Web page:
As jigsaw puzzles go, Phinda Private Game Reserve is a challenge. With 14 000 hectares, seven ecosystems, 400 types of bird and hundreds of flora and fauna species, it’s the kind of place where you need to know your way around the bush.
Which is precisely how I found myself behind the wheel of a two-ton Land Rover, desperately scanning the road ahead for tracks while watching the foliage for the telltale ear twitch of a male nyala. I also had to keep up a witty banter of animal factoids, and ensure everybody was having a good time. Oh yes… and try not to drive the Landie into a ditch. It seems that turning a died-in-the-wool city slicker into a khaki-clad safari guide is not as easy as it looks.
Meaning ‘The Return’ in isiZulu, after the massive game relocation that took place in 1991, Phinda is a gorgeous slice of northern Zululand. It’s here that safari operator &Beyond trains guides for its lodges across south and east Africa – putting them through a gruelling six-week course that covers everything from tracking to tyre-changing – so there are few better places to learn the language of the bushveld.
And for guests looking to add some spice to their safari getaway, the nuts and bolts of those six weeks are helpfully compressed into a four-day ‘Bush Skills’ course that combines lazy nights in the reserve’s luxury lodges, with busy days spent learning the ways of the wild. It’s the ideal way to get a taste of what it's like to be the bulky game ranger up at the front of the Land Rover; rifle slung over a shoulder, a name for every leaf and feather.
While the word ‘course’ conjures images of dreary days staring at Powerpoint presentations, this couldn’t be further from the truth. The bushveld is your boardroom for ‘Bush Skills’, where your notes are jotted in the dusty soil and the agenda can be interrupted at a moment’s notice when a grumpy elephant gets in the way.
By the end of it, softie safari tourists will know how to handle a vehicle, track game, fire the .375 Brno bush rifle, identify fauna and flora, and speak the subtle language of the bush. A language that seems to be second-nature to game rangers in this paradise for pachyderms and all-things-toothy.
The four days are tailored according to what your group is interested in, but for a little taste of everything it’s best to let your ranger and tracker set the pace. Tracking is the basis of understanding the bush, so don’t be surprised if you spend more time looking down – not up – for animals.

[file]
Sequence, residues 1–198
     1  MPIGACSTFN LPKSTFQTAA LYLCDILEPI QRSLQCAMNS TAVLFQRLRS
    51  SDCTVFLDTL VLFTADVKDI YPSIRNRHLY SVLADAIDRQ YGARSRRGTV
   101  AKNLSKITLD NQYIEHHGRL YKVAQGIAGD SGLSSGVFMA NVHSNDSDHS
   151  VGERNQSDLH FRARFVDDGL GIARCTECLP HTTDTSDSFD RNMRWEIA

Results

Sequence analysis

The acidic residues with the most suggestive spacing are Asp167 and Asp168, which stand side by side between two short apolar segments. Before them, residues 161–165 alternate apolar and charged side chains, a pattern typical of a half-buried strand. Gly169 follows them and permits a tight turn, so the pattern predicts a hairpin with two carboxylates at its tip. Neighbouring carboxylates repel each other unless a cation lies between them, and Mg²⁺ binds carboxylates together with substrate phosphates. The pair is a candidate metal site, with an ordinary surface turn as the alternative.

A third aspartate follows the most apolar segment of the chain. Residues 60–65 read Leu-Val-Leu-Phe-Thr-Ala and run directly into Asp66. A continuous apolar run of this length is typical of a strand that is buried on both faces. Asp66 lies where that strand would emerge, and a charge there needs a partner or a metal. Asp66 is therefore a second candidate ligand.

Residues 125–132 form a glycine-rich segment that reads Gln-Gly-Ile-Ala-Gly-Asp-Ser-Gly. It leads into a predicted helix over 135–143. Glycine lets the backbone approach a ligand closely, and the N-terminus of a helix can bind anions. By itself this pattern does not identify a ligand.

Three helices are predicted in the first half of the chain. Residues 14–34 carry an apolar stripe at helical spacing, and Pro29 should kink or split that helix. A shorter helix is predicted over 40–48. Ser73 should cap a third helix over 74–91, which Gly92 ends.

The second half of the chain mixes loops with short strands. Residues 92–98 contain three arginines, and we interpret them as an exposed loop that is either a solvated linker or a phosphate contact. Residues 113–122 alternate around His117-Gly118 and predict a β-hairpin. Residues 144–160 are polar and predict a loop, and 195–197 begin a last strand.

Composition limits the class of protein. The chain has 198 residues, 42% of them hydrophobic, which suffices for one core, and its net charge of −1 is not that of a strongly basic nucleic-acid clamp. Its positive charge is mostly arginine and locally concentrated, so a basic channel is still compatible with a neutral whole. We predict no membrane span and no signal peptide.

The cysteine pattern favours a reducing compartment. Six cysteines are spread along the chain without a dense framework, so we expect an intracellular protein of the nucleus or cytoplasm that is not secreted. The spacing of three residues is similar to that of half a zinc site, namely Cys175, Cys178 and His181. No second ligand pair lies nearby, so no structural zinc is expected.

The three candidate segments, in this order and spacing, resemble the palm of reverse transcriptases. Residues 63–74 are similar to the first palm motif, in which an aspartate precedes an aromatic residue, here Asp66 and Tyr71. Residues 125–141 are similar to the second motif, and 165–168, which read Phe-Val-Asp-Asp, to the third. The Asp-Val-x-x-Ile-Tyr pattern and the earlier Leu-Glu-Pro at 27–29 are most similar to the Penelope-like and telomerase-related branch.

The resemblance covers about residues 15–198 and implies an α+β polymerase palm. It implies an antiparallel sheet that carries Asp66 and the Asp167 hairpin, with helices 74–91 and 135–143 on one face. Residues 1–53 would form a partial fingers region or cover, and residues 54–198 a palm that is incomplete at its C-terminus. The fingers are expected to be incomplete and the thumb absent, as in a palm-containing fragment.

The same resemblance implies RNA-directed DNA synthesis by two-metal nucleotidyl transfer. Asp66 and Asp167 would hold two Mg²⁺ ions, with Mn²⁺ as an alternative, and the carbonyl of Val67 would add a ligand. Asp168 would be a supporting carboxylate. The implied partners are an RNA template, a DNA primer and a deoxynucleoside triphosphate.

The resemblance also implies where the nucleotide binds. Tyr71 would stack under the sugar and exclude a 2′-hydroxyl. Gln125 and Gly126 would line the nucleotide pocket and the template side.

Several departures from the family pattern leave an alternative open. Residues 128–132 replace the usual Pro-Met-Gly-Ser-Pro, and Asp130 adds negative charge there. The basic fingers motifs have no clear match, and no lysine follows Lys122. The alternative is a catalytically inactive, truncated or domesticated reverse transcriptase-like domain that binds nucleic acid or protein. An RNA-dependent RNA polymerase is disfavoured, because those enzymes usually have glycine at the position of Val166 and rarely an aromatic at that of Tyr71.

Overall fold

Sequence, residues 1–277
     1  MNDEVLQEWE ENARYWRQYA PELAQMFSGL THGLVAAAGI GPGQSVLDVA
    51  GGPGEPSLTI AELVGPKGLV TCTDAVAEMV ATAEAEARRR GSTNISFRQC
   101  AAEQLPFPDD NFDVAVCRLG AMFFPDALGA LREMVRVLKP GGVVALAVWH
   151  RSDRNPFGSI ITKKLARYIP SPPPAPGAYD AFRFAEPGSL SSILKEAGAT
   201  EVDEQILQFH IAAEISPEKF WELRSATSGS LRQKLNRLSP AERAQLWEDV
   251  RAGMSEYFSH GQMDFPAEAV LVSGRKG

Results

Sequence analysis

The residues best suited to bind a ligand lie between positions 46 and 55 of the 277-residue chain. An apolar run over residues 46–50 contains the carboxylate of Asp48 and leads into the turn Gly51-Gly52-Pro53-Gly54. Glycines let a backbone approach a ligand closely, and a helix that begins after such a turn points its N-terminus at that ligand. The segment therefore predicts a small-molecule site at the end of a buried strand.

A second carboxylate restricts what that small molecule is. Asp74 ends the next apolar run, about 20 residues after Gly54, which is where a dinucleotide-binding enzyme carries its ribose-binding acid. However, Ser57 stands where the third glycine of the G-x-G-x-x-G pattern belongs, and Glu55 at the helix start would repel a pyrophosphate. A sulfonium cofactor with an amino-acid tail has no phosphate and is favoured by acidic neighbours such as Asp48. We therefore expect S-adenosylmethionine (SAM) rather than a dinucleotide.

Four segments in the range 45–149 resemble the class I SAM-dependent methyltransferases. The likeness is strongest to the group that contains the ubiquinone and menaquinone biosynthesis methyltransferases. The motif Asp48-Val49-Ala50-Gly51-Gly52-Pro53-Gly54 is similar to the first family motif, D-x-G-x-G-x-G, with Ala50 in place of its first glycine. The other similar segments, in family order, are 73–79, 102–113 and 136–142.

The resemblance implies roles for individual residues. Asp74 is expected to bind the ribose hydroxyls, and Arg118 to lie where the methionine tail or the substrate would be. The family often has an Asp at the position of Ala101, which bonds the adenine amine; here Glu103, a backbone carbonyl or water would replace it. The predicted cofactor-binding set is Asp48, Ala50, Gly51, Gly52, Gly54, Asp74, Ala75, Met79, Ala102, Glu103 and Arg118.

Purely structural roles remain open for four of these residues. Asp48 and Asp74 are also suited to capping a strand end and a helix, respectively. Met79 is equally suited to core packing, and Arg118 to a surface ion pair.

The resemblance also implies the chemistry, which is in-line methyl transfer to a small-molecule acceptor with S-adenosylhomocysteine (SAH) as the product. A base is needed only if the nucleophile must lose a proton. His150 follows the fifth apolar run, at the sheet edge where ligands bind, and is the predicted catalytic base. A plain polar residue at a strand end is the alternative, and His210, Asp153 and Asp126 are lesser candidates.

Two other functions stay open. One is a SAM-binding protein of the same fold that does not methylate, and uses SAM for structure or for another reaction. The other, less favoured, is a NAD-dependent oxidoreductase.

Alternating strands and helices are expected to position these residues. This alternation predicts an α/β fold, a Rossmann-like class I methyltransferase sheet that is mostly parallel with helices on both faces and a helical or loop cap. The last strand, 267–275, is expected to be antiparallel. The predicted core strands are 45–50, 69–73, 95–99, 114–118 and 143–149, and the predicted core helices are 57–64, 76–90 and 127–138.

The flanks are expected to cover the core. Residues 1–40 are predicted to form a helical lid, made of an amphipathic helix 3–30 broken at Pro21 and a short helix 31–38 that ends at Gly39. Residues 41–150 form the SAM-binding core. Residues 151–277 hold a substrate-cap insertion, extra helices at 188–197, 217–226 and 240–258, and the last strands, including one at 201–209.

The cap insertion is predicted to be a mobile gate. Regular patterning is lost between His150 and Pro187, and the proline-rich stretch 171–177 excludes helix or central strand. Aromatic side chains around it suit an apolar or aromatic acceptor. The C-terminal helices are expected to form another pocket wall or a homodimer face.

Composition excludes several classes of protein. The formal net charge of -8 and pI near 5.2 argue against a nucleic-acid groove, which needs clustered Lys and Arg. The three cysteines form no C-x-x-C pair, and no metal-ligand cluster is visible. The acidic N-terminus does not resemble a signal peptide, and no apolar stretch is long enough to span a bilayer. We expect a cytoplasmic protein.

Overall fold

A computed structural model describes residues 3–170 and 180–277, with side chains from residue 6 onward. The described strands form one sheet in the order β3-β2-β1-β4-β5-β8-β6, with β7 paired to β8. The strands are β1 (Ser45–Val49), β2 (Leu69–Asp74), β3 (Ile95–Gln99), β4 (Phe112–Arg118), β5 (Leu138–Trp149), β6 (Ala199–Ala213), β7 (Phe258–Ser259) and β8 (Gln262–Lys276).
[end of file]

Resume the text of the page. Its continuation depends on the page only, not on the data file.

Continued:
And the best way to do that is to head out on foot, keeping your eyes and ears open for what’s around you. If you listen closely the bush will talk, says our ranger Grant, hunching down in the sandy track.
“Tracking is not just footprints in the sand though, you need to use all five senses. It’s a bit like a jigsaw puzzle; you just need to fit all the pieces together. But see the whip-mark from the tail… and the deep impression in the sand? This is where a pride of lions slept off the heat of the day,” explains Grant. “That grass pushed down over there? It looks like rhino, heading into that valley… probably from yesterday when they went down to drink.”
They’re all tiny whispered clues to what was here before us, but piece them all together and the puzzle begins to take shape. Grass is not just crumpled; it’s where elephant have trundled through. Those tufts of fur on a thorn tree? The lion probably moved through here quickly. The jackal was definitely here after the buffalo… see how the claw marks are on top of the chaos of hoof-prints?
After a day on foot learning how to track, Grant ups the ante. Now we have to look for spoor while showing ‘guests’ around the reserve. But first we need driving lessons, so Grant hands me the keys and invites me to go off-road.
“You never have the vehicle in low range when you encounter elephants, and you always plan your escape route,” says Grant from over my shoulder. “If they become uncomfortable, or if there’s a mock-charge, you need a quick getaway.”
Sound advice, particularly when we take turns in the exposed tracker’s chair up front. Zipping along at 25km/h, with the gravel road a blur and the prospect of a grumpy pachyderm around any corner, I start to appreciate the incredible skill of the tracker silently scanning for spoor.
While we certainly saw the Big Five – and more – during our days in the pristine Phinda landscape, this isn’t your typical safari holiday. It’s rather a bush escape aimed at the safari tourist who’s seen the Big Five, done time on the back of a game vehicle and is looking for something more. It’s a chance to understand the bush and enjoy a slice of life as a game ranger. To imagine, for a moment, that this wild world is your office. It’s a beguiling thought, although I’m not sure I’d fit into those too-tight khaki shorts.
For more information on the Bush Skills course at Phinda Private Game Reserve, visit www.andbeyond.com or call 011 809 4300.
Kruger and Karoo classrooms
The bushveld is the perfect place to introduce young ones to the wonders of nature. For family-friendly wilderness escapes, try these two options:
EcoTraining has been teaching professional field guides the language of the bush for 17 years, but also offer a good selection of short courses (from 1-14 days) for intrepid holidaymakers who want to learn more about the Kruger landscape. The accommodation is usually rustic, but it’s an affordable way to enjoy a taste of the ranger’s life.
Visit www.ecotraining.co.za or call 013 752 2532
For young rangers, Samara Private Game Reserve, north of Port Elizabeth, offers a specialist ‘Aardvark’ programme geared specifically for children. Apart from giving parents a break, kids will learn to identify spoor, head out tracking with a ranger, go star travelling through the Milky Way and plant carbon-storing Spekboom.
Visit www.samara.co.za or call 049 891 0558
First published in Discovery Magazine